Common Name: Mud Dauber
Latin Name: Sceliphron
Common Family Name: Sphecid wasps
Latin Family Name: Sphecidae
Other Names: Thread-waisted wasps
Origin: A number of species of wasps in this family are native to North America, with the Black and Yellow Mud Dauber and the Blue Mud Dauber most often nesting on structures.
Biology: Mud daubers are solitary wasps that provide a nest and food for their larvae but do not further care for them. The nest is created from blobs of mud gathered by the female and formed into hollow cells, often with many cells arranged next to each other in columns. The female then gathers food, in the form of insect larvae or spiders, stings it to paralyze it, and then places this immobilized prey in the cell. She lays an egg in each cell, seals the cell with mud, and never returns. While the female mud daubers can sting it is a rare occurrence. They do not defend their nests and will sting only when they feel directly threatened. Nests are commonly placed in the eaves or attics of houses, but will often show up in other odd locations where the nest could be placed securely.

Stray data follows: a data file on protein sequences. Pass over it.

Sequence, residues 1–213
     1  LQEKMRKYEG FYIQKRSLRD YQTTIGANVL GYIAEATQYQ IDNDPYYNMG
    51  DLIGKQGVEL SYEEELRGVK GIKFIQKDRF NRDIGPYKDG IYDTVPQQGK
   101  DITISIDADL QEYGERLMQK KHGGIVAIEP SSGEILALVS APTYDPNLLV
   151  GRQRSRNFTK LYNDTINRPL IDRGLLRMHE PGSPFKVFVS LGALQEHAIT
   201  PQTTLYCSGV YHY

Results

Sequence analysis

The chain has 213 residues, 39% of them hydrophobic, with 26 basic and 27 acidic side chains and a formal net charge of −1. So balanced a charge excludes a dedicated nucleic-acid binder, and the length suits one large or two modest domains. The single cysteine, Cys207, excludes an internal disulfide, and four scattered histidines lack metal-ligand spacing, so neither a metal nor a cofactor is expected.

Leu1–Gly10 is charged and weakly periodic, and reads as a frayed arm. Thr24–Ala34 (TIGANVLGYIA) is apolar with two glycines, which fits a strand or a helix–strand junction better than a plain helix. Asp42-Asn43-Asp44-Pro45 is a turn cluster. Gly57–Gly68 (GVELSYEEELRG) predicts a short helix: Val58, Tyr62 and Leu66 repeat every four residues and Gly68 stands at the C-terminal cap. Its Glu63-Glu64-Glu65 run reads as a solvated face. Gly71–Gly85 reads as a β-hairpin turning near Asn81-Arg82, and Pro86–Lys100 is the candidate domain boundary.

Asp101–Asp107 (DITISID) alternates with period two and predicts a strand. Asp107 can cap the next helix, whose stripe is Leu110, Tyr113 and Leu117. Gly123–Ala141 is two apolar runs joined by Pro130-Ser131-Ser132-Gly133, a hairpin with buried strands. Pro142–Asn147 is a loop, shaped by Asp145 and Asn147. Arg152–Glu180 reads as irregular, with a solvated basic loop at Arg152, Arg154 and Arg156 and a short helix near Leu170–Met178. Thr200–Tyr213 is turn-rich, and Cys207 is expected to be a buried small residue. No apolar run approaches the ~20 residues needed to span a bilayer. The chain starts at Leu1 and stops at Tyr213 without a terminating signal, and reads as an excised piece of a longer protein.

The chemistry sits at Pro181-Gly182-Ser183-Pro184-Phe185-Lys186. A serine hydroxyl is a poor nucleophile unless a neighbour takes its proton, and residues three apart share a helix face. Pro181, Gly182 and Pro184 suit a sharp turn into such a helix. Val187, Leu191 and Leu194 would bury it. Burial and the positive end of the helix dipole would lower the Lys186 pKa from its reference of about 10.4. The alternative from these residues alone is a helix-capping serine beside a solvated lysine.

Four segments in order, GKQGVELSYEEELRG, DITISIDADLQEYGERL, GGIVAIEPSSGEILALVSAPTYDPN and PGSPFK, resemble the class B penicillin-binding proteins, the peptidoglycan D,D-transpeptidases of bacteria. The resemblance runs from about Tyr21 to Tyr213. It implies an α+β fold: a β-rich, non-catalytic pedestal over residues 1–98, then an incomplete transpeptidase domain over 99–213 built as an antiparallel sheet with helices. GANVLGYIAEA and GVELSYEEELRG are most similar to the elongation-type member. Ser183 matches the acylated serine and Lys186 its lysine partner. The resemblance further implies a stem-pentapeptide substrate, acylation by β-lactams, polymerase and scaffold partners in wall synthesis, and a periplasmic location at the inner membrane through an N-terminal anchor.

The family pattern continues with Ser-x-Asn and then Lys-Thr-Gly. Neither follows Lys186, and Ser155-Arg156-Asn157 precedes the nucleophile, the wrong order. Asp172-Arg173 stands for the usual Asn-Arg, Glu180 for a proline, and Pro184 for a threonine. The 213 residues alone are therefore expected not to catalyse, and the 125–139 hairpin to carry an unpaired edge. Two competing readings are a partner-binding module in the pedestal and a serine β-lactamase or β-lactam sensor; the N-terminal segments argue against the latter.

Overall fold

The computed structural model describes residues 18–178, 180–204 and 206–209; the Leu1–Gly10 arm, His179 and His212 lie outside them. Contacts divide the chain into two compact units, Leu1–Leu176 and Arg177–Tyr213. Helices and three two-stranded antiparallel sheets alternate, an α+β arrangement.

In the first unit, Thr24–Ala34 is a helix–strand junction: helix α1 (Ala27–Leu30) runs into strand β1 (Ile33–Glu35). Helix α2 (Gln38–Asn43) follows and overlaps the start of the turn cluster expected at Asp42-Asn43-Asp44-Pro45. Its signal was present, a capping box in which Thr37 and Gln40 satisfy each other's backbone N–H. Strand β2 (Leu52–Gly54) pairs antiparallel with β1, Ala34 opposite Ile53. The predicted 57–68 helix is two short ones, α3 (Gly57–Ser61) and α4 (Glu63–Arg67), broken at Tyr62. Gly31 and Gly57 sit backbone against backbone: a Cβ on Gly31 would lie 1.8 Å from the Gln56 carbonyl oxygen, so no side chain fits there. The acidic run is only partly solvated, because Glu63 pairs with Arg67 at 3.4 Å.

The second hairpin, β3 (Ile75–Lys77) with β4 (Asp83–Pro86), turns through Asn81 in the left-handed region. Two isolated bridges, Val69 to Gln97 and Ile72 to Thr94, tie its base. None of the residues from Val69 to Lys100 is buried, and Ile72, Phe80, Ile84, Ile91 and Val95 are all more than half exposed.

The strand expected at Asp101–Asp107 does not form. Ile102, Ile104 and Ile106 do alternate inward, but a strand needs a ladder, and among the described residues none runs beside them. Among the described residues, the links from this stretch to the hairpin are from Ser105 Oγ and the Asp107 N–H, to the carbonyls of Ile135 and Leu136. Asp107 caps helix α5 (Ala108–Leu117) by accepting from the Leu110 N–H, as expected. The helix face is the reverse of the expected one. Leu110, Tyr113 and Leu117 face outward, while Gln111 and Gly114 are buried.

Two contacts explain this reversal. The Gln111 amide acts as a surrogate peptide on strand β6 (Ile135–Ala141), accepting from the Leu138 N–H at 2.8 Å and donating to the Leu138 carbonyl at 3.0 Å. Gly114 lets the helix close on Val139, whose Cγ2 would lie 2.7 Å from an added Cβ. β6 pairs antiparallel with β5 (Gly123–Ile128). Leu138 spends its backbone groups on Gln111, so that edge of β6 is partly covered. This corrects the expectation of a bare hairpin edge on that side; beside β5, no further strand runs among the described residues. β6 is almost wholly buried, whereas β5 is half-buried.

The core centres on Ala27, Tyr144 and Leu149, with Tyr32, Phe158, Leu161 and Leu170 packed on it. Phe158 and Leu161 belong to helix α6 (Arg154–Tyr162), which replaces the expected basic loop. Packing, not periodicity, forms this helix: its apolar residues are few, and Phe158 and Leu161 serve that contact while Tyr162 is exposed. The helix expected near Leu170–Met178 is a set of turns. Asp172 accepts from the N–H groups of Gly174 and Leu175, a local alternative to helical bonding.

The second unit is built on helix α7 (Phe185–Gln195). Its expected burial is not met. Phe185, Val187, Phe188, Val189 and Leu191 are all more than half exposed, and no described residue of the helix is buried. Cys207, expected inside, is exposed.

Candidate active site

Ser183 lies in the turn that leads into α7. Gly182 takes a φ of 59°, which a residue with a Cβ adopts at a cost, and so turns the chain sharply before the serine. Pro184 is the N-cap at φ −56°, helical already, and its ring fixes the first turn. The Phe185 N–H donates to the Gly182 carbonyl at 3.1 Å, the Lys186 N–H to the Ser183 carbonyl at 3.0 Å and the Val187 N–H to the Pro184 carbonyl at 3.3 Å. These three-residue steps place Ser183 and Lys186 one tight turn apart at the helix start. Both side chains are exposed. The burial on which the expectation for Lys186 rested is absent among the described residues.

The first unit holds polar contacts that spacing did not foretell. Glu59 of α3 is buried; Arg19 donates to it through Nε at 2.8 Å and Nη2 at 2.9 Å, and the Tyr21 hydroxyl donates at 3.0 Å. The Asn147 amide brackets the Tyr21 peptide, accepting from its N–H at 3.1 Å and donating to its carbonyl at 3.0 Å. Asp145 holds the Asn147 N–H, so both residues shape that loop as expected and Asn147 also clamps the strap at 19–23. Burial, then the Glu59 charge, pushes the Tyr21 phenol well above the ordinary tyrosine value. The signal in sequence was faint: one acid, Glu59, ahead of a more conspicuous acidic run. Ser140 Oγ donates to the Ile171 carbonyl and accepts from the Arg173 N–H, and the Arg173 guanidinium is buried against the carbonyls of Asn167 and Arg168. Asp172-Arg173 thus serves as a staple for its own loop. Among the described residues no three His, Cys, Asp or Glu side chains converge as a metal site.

Identification: The most common mud daubers around structures are the large black and yellow species and the metallic blue species. These are long wasps with very long, thin waists and small abdomens. The black and yellow species may be an inch long, while the blue species is slightly smaller. The antennae are often somewhat curled.
Characteristics Important in Control: Control can be accomplished by simply removing the mud nest. Otherwise, these wasps are highly beneficial due to the number of other insects and spiders they capture.